Standard & Poor's Ratings Services said it is monitoring the Chicago Board of Education's plans for fiscal 2016 and its efforts to bring expenditures in line with revenue.

The board announced new leadership on July 16, but is continuing its strategy of pushing the state to enact changes that would help the board improve its financial situation.

On July 13, the board announced that the preliminary budgets distributed to schools assumed that the state will provide the board with $500 million in assistance, through pension or other changes. If this assistance does not become available, the board would consider additional cuts and borrowing during the fiscal year.

The board anticipates releasing a budget for fiscal 2016 in August, with approval scheduled for the Aug. 26 board meeting.

On July 2, the board's BBB GO debt underlying rating was placed on CreditWatch with negative implications, which reflected the view that the board's credit quality could deteriorate if the fiscal 2016 budget did not include a credible plan to improve the board's fiscal imbalance.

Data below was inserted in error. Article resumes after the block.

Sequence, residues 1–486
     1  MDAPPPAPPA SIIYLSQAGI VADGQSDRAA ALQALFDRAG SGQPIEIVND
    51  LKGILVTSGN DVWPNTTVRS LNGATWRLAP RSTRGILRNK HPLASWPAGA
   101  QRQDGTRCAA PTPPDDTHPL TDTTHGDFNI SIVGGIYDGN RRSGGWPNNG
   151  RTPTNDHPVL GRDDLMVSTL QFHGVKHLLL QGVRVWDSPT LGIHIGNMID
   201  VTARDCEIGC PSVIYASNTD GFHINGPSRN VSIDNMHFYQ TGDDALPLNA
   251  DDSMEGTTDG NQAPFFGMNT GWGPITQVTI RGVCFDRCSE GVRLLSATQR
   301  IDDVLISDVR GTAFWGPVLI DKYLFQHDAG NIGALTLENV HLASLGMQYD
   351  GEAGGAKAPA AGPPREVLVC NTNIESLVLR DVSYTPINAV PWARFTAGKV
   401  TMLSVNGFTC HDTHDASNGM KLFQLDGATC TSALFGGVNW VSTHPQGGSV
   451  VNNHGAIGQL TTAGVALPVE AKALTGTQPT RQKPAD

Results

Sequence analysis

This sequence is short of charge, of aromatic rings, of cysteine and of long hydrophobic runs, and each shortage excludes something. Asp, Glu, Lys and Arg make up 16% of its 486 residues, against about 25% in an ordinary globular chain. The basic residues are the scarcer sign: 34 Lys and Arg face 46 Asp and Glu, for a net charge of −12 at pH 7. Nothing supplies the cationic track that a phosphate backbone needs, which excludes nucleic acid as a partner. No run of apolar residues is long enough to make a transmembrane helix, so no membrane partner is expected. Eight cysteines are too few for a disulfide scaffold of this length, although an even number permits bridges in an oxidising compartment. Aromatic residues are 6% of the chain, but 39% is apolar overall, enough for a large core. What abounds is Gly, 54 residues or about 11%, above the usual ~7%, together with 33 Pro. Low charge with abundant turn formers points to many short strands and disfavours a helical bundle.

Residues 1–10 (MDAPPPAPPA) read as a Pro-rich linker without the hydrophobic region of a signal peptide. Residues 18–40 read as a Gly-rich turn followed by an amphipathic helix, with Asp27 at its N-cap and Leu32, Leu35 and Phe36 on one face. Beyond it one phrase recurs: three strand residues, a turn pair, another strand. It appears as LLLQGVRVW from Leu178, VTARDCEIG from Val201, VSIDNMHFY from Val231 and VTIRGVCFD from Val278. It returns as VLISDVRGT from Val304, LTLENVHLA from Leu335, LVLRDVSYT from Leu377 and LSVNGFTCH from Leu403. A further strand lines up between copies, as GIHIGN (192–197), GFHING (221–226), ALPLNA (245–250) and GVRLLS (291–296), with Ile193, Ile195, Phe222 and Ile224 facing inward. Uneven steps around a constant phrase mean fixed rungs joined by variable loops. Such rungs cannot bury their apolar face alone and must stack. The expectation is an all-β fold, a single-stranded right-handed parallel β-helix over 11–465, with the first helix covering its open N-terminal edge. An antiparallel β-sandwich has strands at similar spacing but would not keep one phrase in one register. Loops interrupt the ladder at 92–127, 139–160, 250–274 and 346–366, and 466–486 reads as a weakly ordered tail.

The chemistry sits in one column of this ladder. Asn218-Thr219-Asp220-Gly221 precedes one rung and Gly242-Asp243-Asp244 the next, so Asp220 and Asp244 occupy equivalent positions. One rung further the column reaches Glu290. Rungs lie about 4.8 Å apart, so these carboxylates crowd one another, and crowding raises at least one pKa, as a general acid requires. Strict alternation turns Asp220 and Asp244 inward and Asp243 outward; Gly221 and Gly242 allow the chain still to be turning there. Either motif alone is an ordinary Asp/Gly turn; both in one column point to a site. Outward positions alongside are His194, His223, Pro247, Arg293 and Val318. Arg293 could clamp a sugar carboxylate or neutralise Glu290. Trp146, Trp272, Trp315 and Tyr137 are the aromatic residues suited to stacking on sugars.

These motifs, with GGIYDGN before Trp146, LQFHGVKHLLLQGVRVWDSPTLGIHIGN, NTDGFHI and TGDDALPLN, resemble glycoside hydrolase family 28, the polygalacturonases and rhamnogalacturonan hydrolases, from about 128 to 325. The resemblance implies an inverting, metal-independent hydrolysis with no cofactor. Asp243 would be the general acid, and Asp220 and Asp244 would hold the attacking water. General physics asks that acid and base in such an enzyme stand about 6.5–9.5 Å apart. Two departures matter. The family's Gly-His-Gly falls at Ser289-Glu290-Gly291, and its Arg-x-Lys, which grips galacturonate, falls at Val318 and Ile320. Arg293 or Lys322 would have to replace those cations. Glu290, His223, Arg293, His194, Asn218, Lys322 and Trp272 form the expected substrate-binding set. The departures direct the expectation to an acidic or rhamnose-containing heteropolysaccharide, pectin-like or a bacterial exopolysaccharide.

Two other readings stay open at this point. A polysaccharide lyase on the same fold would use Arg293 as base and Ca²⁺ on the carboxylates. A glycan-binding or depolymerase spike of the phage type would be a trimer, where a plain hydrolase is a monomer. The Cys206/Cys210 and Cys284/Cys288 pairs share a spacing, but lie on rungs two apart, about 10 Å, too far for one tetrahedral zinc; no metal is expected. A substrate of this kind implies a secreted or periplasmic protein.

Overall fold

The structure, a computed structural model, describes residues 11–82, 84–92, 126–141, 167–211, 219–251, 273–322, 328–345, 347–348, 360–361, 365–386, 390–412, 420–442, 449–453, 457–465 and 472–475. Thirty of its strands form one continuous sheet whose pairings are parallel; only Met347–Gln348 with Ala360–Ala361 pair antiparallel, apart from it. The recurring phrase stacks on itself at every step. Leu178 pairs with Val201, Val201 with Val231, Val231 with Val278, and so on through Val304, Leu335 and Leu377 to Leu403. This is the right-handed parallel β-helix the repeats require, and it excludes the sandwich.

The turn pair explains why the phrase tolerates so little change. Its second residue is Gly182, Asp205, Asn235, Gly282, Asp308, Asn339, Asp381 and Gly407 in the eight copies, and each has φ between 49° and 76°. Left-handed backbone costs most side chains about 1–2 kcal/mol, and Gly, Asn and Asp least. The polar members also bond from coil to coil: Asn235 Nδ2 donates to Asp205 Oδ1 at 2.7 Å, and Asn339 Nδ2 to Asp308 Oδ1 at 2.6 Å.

Within the CreditWatch period, the agency will follow the board's efforts to balance its budget as well as the assumptions underlying these efforts. The current proposal, if finalized, has vulnerabilities.

Budgeting for $500 million in relief from the state that has not been secured might prove overly optimistic and not support steps toward rectifying structural mismatches. The agency evaluates the board's management as part of its analysis under its financial management assessment (FMA) methodology.

Should the board's assumptions hold without further support, this could weaken its view of management's revenue and expenditures assumptions.

A delay of further cuts until later in fiscal 2016 and a planned use of additional borrowing for operational costs would reflect a continued deferral of budgetary adjustments needed to improve structural balance. Similarly, deferment of pension payments without a credible plan to catch up on those payments in the near term also would reflect a deferral of needed budgetary adjustments.

Although the board continues to focus on the state in the hope that the state will act to improve its financial situation, the analysis continues to focus on the board itself and how the board manages its financial position.

Subscribe Now

Independent and authoritative analysis and perspective for the bond buying industry.

14-Day Free Trial

No credit card required. Complete access to articles, breaking news and industry data.